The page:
For a long time a friend has got by with just her partner’s salary, it hasn’t always been easy. Now her youngest child is a bit older she has been lucky enough to find a part time job that has made things a bit easier.


    • Is this partly because more families are moving away from the grandparents for work?
      Without both sets of parents helping with childcare I think my sister would have it difficult to go back to work and afford full time childcare.


  2. I live in Australia and child care costs are extortionate here too. I have 2 children (3 & 5) and made the decision to sacrifice one salary and stay at home with them until they reached school going age. It has been a financial challenge, but I see the benefit, and, if I had to do it over I wouldn’t change a thing.
    Having said that, there also comes a time when your kids are a year or two away from ‘big school’, and it’s good for them (and the stay-at-home-parent) to attend a child care centre a couple of days a week in order to socialise and prepare for school. Unfortunately, high child are costs sometimes make that an impossibility and that is not good for the child or the parent. Here in Australia, the govt only helps with child are cost rebates if both parents are working a certain number of hours per week. So, in many ways the govt encourages parents to prioritise work over raising their children.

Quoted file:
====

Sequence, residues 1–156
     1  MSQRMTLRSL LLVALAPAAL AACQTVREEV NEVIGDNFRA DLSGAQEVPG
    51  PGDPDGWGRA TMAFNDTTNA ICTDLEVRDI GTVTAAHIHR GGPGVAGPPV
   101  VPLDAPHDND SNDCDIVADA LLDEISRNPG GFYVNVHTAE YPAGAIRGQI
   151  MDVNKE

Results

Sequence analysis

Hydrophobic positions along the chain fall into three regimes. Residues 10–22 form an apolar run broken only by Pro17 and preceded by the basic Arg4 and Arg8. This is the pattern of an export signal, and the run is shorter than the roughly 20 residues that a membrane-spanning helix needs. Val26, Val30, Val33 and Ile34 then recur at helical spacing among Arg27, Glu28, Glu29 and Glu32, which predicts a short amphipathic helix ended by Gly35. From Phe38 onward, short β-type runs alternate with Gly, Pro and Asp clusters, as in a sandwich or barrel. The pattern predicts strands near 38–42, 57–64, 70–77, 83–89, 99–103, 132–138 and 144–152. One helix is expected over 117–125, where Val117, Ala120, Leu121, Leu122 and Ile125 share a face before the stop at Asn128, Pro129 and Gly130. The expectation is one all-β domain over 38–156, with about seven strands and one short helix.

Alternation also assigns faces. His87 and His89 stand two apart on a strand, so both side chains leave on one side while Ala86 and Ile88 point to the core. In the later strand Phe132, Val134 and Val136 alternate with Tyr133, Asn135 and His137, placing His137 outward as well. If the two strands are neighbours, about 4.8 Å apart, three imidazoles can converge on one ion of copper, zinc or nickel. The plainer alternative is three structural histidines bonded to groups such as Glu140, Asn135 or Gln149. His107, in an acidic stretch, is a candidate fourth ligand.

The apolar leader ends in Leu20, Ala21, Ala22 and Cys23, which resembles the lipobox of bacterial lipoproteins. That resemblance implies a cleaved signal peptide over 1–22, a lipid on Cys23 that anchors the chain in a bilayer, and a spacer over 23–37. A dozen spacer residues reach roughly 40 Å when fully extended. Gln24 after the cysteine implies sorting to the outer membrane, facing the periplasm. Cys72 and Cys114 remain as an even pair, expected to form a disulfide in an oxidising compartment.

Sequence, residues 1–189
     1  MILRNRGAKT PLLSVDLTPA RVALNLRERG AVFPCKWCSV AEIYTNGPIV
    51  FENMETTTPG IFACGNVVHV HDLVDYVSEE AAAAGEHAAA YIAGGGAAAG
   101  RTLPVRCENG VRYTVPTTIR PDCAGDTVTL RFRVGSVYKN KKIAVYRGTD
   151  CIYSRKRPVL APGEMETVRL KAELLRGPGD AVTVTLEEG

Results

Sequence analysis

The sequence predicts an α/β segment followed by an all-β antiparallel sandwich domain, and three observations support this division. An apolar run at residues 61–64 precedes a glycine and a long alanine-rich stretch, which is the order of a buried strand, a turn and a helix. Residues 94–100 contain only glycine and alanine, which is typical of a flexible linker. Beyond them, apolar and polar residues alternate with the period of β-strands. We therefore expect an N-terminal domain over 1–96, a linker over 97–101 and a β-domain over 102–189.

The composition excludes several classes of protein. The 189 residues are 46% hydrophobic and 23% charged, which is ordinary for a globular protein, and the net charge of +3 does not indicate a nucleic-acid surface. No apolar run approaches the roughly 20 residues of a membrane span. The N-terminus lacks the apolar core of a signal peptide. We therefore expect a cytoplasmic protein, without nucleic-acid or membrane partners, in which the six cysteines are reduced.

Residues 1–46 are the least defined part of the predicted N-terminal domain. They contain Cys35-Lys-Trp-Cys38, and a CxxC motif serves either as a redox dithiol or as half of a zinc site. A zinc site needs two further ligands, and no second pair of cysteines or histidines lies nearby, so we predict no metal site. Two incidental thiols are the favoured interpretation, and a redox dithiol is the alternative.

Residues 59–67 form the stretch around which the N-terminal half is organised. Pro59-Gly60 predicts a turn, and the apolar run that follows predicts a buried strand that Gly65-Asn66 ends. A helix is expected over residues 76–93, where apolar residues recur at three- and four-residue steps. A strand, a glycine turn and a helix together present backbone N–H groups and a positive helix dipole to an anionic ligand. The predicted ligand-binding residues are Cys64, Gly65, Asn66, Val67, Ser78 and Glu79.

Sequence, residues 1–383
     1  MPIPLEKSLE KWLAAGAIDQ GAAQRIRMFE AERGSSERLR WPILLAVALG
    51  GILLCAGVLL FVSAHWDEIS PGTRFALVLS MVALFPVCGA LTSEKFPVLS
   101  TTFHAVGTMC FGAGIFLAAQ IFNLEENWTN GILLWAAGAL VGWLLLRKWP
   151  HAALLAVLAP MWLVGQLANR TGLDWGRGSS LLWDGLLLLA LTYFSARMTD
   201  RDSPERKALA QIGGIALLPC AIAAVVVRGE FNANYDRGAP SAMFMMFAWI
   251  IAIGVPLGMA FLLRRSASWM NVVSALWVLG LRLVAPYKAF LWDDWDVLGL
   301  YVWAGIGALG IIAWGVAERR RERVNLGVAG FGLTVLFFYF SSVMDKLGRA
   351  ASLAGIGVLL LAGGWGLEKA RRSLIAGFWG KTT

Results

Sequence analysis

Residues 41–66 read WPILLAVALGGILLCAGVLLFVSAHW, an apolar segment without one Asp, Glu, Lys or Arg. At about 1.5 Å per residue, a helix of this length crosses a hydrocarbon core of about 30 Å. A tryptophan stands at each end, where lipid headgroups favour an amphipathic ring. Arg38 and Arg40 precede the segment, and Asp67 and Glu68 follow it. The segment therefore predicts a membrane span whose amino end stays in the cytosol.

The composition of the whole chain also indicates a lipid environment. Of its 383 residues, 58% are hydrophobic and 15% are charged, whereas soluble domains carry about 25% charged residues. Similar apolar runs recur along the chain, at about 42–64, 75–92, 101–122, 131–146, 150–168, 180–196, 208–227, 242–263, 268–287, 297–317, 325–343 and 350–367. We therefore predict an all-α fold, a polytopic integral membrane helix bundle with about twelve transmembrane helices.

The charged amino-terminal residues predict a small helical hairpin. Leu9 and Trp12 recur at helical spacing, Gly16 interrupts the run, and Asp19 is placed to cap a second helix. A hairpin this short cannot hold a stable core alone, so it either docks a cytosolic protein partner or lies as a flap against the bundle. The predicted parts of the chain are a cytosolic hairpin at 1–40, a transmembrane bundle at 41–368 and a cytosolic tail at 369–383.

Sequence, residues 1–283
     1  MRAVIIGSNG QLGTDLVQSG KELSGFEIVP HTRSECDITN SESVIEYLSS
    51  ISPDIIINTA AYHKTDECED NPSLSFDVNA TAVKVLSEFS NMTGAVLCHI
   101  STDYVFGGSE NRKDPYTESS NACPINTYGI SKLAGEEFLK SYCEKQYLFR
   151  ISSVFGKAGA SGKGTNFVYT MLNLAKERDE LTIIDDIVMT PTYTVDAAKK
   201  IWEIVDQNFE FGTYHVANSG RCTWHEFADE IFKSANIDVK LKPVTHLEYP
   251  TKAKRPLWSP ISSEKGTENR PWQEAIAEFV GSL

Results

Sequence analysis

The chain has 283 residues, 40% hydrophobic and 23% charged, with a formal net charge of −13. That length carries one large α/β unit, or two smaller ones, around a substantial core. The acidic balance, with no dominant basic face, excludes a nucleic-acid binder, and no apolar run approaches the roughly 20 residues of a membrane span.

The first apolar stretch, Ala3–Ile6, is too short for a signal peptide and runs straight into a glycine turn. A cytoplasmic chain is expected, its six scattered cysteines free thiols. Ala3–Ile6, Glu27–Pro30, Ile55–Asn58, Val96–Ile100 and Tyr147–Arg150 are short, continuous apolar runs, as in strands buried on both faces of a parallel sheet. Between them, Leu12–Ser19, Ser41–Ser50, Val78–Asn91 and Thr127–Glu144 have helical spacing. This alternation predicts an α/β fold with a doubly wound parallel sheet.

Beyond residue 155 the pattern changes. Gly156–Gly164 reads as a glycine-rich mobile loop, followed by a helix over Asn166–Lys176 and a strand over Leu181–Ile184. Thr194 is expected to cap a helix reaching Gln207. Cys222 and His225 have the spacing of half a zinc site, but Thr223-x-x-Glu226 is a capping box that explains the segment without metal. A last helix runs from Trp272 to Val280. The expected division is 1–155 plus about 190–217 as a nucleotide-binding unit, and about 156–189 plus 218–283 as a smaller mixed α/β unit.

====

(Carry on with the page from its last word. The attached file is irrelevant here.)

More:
Good article, thank you. There is much debate to be had around this issue.

    Liked by 1 person

    • Hi, thanks for commenting and sharing your own experience.

      Like you mentioned, ‘ It has been a financial challenge’, this is one of the reasons my sister is considering going back to work, though the cost involved may mean that they are only working to pay for childcare with a bit extra being add to the household income.

      At the moment the two eldest children are still in nursery but only for a few days as it benefits the children from a social point of view but also gives my sister a break and time to focus solely on the latest edition.

      As you also mentioned about the government encouraging parents to go back to work, the government is trying to do a similar thing as an additional way to try and boost the economy, but at what cost to the children of these parents? It is the parents choice to decide if they want to go back to work or become a stay at home parent, after all the next generations are part of our future.